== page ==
Pest Alert: What You Need to Know About the Emerald Ash Borer

Emerald Ash Borer adult (Photo State of NJ Department of Agriculture)

The exotic emerald ash borer (EAB) has been killing ash trees across North America. Native to China, eastern Russia, Japan, and Korea, it was first discovered near Detroit in 2002 and has since spread to 25 states, including New Jersey.

Ash in New Jersey Facts

• Forests contain 24.7 million ash trees

• 24% of all forested land contains ash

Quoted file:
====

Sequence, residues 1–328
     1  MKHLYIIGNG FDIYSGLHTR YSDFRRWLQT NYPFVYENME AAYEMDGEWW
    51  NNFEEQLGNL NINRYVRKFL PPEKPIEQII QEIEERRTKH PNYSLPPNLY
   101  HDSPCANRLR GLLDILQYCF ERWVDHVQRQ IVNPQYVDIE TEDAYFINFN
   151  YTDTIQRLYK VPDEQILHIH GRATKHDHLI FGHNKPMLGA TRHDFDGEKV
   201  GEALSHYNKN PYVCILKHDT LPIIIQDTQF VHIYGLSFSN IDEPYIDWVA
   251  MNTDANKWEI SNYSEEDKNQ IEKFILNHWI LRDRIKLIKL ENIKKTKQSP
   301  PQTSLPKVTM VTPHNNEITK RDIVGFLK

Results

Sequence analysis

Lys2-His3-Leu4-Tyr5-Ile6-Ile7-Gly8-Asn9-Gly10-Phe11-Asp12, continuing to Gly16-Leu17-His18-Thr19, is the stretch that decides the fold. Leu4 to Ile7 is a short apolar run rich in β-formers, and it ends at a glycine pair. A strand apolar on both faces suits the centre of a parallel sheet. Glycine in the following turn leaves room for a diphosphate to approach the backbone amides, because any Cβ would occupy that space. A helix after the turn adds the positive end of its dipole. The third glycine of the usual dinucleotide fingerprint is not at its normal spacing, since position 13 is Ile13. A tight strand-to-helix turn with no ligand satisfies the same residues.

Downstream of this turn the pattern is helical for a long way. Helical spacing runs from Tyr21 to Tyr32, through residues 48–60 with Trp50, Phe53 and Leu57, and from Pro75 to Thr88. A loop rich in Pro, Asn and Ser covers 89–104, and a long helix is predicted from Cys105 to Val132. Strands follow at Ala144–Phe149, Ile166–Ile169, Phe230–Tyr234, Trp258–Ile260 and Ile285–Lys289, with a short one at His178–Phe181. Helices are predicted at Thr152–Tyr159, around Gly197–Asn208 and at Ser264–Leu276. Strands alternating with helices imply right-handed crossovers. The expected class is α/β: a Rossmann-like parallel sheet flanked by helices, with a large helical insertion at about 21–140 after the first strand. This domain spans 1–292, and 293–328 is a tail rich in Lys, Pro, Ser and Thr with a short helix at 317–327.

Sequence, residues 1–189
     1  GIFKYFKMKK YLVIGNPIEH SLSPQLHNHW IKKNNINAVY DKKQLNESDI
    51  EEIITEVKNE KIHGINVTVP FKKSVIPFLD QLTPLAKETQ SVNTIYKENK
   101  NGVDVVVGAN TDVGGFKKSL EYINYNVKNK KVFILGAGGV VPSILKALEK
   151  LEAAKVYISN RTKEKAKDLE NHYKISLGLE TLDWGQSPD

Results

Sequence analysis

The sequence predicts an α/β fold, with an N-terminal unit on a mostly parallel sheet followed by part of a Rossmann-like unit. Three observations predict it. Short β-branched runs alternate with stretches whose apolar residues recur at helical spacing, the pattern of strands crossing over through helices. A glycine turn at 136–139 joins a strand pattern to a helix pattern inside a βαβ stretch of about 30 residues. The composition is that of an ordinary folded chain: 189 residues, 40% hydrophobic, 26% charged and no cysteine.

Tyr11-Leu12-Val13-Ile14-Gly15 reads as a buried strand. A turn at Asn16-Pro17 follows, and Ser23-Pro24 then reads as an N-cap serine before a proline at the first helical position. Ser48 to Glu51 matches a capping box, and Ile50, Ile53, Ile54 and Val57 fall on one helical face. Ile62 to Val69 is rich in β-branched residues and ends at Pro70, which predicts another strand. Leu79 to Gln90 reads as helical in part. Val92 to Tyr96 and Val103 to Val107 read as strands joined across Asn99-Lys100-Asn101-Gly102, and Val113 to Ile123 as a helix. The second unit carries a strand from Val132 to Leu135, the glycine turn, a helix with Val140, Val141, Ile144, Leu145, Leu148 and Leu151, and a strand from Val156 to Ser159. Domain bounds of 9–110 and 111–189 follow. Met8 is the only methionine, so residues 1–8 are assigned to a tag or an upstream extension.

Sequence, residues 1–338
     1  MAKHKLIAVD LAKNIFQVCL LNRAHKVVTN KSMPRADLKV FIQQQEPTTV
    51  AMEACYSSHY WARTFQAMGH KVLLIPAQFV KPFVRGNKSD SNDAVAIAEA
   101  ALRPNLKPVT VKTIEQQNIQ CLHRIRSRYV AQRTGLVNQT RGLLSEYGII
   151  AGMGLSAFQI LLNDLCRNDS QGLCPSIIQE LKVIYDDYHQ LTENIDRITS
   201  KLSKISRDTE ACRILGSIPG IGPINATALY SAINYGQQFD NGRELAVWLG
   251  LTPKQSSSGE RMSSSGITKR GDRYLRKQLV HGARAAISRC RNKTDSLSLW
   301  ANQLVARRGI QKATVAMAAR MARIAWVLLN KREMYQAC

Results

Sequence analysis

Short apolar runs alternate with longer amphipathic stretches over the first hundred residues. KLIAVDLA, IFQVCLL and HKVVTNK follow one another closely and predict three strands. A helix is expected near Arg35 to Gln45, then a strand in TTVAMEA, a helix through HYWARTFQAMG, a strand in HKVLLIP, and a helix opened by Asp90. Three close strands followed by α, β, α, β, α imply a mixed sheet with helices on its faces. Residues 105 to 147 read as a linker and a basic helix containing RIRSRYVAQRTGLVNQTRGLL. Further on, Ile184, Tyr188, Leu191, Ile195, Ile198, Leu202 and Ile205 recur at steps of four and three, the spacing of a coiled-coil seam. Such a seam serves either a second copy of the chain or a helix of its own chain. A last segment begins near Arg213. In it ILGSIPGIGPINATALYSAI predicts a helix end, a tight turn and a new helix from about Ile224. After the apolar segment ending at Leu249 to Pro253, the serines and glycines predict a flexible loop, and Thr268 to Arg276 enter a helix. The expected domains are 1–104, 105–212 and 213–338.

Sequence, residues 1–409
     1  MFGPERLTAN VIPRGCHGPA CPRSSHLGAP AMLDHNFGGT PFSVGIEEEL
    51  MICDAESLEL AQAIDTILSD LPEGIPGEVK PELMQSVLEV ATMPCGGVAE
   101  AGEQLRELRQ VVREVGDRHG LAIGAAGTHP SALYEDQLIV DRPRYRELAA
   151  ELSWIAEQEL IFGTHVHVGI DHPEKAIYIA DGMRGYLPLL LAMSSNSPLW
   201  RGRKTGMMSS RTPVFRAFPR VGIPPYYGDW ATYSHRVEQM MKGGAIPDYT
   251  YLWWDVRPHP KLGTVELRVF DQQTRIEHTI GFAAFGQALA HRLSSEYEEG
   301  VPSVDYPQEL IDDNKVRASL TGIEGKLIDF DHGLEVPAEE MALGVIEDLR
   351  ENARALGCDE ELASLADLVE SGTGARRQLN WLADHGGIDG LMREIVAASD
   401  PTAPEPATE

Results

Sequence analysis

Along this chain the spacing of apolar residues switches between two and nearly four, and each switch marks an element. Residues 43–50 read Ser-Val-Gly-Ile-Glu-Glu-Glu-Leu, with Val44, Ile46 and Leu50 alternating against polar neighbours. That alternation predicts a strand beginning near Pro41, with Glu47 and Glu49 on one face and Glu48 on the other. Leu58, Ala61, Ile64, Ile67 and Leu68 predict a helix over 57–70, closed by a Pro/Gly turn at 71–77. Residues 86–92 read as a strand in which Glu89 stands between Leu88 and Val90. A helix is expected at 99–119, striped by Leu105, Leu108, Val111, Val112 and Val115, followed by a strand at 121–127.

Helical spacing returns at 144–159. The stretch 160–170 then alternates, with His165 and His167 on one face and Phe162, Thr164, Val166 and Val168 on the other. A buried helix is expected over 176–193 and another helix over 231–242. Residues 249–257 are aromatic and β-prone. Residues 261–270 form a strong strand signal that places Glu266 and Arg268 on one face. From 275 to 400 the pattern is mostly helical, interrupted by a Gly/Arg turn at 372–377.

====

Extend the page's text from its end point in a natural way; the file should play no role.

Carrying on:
• Ash is found in forests throughout the state, but concentrated in northern New Jersey

• Ash has been commonly planted as a street and landscape tree throughout the state

EAB: Deadly Damage to Millions of Trees

This metallic green insect infests and kills ash trees—all ash species are susceptible, with the exception of mountain ash. EAB larvae feed on the inner bark and disrupt the movement of water and nutrients, essentially girdling the tree. This insect often infests the upper branches of the tree first and may affect branches as small as 1” in diameter. It takes 2-4 years for infested trees to die, but mortality is imminent.

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